E-Trade Financial Corp (NASDAQ: ETFC) has released their earnings for Q4 2019.

Revenue came in at $679m which beat analysts estimates (+1.0%) of $672.06m.

EPS came in at $0.76, missing analysts estimates (-8.2%) of $0.8279. This is due to a one-time net loss of $18 million used for restructuring costs and other one-time expenses that led to a cost of $0.08 per share. Without counting this loss, EPS would have come in at $0.84 per share which would beat estimates by 1.46%.

Overall, the stock has been relatively flat for the past year and has definitely not performed well compared to the S&P500 which has gone up over 25% during the same time frame.


A quick look at historical trends tells the story as to why. The EPS estimates for this quarter, at around $0.83 per share is 21.7% lower than the reported EPS from this quarter last year. The expected revenue of this quarter is 7.8% below the reported revenue from the same quarter last year. Analysts have certainly put out very low expectations for E-Trade this quarter. E-Trade’s forward P/E ratio is among some of the lowest in the industry.

All this bad performance is mainly due to increasing competition in the stock brokerage industry brought on by disruptors such as the commission-free trading app Robinhood. Back in October of 2019, the two biggest traditional brokerages in the U.S., Charles Schwab and TD Ameritrade both announced that they were eliminating commission fees on stock trades. E-Trade was forced to follow suit shortly afterwards and also committed to cutting the commission fees down to $0. This is the first quarter that we saw the full effect of eliminating the commission fees be reflected on the financial statements.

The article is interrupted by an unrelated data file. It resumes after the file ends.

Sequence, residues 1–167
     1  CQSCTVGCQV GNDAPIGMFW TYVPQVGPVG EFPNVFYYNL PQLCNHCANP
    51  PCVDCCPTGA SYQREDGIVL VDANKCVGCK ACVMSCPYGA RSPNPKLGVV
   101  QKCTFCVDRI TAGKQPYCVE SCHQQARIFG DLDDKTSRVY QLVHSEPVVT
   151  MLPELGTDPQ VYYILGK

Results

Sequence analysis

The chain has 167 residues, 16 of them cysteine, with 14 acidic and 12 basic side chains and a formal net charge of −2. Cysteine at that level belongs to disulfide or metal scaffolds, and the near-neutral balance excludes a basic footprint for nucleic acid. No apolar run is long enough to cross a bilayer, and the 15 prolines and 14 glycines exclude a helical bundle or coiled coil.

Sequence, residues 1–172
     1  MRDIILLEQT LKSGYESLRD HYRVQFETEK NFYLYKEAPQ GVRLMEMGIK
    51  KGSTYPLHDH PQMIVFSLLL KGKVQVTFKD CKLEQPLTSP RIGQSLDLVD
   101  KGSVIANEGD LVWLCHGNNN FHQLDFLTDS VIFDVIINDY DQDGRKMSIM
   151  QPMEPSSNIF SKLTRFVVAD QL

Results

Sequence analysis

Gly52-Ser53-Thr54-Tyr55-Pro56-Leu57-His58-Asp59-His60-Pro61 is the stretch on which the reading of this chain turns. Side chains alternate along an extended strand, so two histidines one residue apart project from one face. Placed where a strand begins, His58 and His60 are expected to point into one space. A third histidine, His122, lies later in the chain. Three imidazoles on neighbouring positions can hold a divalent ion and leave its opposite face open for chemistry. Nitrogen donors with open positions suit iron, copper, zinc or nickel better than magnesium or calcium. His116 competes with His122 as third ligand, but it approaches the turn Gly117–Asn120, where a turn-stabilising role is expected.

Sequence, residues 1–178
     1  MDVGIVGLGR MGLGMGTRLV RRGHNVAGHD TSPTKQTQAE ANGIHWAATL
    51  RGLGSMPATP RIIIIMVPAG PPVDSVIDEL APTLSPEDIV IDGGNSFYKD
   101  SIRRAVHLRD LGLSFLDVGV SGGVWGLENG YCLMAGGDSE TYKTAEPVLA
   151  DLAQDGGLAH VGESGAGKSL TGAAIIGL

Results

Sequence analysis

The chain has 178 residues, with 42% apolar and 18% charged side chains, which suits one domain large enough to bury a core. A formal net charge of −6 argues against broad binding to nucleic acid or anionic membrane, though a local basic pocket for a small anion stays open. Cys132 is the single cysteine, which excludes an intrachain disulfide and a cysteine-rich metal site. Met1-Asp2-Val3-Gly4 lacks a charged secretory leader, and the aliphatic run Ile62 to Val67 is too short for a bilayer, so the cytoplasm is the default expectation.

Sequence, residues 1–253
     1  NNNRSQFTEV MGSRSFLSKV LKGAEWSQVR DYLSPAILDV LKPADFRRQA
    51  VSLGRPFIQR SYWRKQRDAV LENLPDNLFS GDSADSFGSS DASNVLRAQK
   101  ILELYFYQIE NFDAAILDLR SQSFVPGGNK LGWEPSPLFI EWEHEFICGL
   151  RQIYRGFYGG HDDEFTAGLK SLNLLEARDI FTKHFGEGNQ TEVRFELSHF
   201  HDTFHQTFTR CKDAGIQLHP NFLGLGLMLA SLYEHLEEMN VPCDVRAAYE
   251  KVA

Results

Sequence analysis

It remained to be seen how E-Trade will perform against its competition in the future as more and more players enter the scene. E-Trade is in an awkward position, being sandwiched in between big resource-rich traditional brokerages like Charles Schwab and TD Ameritrade, and newer players like Robinhood and Webull which appeal to younger, more tech-savvy investors.

 

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